Losing the Youth?

The article describes the son of a high-school history teacher as “deeply conservative, a Trump voter, a consumer of right-wing media.” The son is on the verge of leaving the family’s moderately conservative congregation because … it’s not conservative enough. The kid is upset his pastor is criticizing those responsible for January 6 and that his pastor has endorsed Covid vaccines.

Different. All evidence suggests LDS youth and young adults are leaning into civil rights and LGBT issues, not against them, and are on the verge of leaving the LDS Church because it is too politically conservative, not because it isn’t politically conservative enough. This seems like a fairly significant distinction. I wonder if this difference will lead, in a decade or two, to different political trajectories for the LDS Church and Evangelical churches. That hasn’t been the case at all in the recent past.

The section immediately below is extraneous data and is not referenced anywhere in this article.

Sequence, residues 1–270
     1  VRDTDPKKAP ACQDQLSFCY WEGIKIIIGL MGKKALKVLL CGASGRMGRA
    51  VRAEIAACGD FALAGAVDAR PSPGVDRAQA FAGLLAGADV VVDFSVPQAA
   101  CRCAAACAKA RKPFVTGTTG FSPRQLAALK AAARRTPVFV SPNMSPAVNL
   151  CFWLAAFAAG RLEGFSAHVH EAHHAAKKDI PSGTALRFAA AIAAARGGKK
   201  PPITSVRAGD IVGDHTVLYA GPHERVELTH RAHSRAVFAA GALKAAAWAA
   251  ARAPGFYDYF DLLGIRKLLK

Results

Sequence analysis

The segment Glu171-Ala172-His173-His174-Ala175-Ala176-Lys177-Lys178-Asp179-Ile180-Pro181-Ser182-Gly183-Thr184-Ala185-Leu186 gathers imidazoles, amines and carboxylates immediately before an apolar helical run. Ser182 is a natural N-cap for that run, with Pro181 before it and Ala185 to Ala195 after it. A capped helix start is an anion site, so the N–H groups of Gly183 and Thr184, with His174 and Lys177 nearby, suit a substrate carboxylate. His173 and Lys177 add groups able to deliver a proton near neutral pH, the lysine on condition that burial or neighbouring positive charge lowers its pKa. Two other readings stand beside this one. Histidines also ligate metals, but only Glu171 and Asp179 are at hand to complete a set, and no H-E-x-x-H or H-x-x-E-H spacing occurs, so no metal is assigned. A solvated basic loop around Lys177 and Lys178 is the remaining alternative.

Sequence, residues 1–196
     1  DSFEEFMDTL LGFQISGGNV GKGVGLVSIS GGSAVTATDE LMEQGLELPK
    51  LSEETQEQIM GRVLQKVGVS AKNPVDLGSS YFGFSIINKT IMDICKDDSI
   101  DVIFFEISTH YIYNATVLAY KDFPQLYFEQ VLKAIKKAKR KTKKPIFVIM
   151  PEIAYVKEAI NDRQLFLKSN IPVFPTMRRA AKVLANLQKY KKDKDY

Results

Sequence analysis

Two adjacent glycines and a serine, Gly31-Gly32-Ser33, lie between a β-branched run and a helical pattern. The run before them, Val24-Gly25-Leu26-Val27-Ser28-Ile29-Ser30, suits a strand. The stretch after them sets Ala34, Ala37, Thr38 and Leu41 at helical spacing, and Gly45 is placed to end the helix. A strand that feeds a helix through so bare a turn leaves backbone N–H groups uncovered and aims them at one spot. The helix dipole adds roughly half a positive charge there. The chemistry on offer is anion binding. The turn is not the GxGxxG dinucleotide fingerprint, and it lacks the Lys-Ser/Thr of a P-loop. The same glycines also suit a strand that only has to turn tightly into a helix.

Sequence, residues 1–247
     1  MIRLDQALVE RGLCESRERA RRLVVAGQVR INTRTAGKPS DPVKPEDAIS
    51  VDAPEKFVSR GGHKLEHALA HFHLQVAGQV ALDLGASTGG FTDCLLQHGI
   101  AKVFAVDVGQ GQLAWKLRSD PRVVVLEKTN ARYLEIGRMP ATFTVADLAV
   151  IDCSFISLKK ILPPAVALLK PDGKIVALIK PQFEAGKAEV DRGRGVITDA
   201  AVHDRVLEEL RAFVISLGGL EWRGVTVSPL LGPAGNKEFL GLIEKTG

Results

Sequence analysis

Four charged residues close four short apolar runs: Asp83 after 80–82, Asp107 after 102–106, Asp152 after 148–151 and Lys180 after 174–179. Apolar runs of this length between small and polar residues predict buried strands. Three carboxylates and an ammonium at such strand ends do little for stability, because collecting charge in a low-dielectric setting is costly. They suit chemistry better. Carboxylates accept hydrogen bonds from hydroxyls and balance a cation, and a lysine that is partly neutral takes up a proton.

So that’s enough quotations. What do you think? Same or different?

  • Has the onslaught of Trump- and Covid-related misinformation and disinformation rocked the LDS Church to the same degree as it apparently has most Evangelical congregations? Or is the LDS Church different enough that this time of troubles will have no lasting effect on the LDS Church?
  • Here’s another angle. The post I quoted was published in the print magazine under the title “How Politics Poisoned the Church.” Has politics poisoned the LDS Church? Or is politics just more noise that members are able to fairly successfully tune out, maintaining positive fellowship with other members and retaining confidence in their local and senior leaders.